If you’ve visited Sandpoint only during the summer, you don’t know what you’ve been missing. There’s a reason this town of nearly 7,000 souls on Lake Pend Oreille has received a swarm of national notice. Sunset magazine labeled it the number eight “dream town” in the west, calling it “a four season outdoorsy resort that’s also a real town.” Outside magazine lauded Sandpoint for fulfilling cravings for the comfort of community and access to wilderness. A New York Times headline hailed Sandpoint’s “old west atmosphere in a sporting paradise.”

Just 75 miles from downtown Spokane, Sandpoint’s visitors can experience its “real town” feel during the off-season. Much of this feel comes from Sandpoint’s emphasis on being a walking town. One way to take advantage of this pedestrian friendliness and see the city is an art walk. Start at the Pend Oreille Arts Council gallery in the Powerhouse Grill and stroll to the displays at Bonner General Hospital, the Commissioner’s Office, University of Idaho Extension, and other locations around town. See the POAC website at www.artinsandpoint.org for information.

Most walking routes will pass Sandpoint’s several art galleries. One is ArtWorks Gallery, Sandpoint’s “co-operative gallery of local and regional artists and craft artisans.” Another, though seemingly not an artist’s gallery, is Northwest Handmade Furniture which features Maria Larson’s paintings of wildlife scenes overlain marine and topographical maps of Lake Pend O’reille and its surroundings. Yet another is The Hen’s Tooth which offers wildlife themed art, some being the fishing themed work of gallery owner Ward Tollbom. Visitors can also make an artists’ studio tour, but a bike or car is required. Information can be found at www.arttourdrive.org.

A gallery walk can be broken up with shopping. While some Sandpoint merchants offer the typical touristy tripe, many offer uniquely Sandpoint merchandise. A must visit for many is Sandpoint based Coldwater Creek’s store. For the walking weary, or those uninterested in women’s fall fashion, the Coldwater Creek wine bar offers rest and refuge, plus food, drink and a ski-lodge atmosphere complete with a roaring fire. Other “must shops” include Finan McDonald for casual outdoor clothing, Cabin Fever for household furnishings and funky women’s clothing, boots in particular, and Pedro’s on the Bridge for natural fiber clothing and exotic yarns among other wares.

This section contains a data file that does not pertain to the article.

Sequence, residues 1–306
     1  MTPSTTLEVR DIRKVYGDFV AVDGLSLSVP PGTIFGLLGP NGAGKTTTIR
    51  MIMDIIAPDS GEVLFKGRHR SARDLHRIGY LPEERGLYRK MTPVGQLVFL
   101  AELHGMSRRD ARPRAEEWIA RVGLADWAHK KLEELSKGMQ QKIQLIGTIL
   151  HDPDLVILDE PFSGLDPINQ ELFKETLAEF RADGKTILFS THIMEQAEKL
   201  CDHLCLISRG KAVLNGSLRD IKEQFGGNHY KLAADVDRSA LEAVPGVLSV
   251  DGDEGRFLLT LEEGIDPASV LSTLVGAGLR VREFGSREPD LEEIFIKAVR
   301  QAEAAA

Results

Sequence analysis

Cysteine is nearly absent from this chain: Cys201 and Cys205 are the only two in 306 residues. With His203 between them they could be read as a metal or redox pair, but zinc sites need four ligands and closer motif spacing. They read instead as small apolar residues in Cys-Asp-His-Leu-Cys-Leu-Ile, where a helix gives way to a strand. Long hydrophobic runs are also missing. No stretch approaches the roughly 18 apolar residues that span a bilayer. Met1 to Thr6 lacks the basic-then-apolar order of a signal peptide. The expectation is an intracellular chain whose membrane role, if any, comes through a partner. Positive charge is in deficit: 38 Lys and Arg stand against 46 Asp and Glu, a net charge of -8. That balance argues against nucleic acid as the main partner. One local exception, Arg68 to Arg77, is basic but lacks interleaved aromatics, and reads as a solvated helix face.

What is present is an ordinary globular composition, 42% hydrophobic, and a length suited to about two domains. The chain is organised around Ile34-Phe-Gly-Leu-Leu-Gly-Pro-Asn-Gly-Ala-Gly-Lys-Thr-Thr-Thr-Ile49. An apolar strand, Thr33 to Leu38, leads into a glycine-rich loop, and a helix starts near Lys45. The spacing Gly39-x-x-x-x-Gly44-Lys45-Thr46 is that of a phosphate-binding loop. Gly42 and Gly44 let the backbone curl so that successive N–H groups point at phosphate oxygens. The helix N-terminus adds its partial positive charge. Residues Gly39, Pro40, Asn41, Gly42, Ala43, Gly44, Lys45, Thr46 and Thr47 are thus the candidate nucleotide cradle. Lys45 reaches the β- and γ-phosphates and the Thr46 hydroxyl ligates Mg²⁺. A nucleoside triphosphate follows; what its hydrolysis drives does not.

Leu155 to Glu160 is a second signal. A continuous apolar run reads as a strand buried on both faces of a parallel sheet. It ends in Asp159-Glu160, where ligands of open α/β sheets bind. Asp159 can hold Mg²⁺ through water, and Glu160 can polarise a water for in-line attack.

Much of Sandpoint’s thriving cultural community is centered around the Panida Theater, a member of the League of Historic American Theaters. In addition to films, November’s events include the “Stolen Sweets” Jazz Concert on the 7th, the “Hot Club of Cow Town” as part of the Think SWING! Jazz & Blues Festival on the 8th, classical pianist Xiayin Wang on the 11th plus the Eugene Ballet’s Nutcracker on December 3rd. Other music spots include the Pend O’reille Winery which hosts jazz on Saturdays from 5 to 7 pm. Di Luna’s, Roxy’s and Downtown Crossing often feature live music.

There are plenty of ways to work up an appetite in Sandpoint. Long Bridge provides a scenic four-mile roundtrip across the lake for walkers, runners, and bikers. On a clear day the bridge offers views of the Cabinet Mountains to the east and the Selkirks to the west where Schweitzer Mountain’s runs can be seen among the trees. In the fall, the lake’s surface is generally free of all but ripples or waves from the wind while waterfowl bob on the water and catch their breath during their migration south.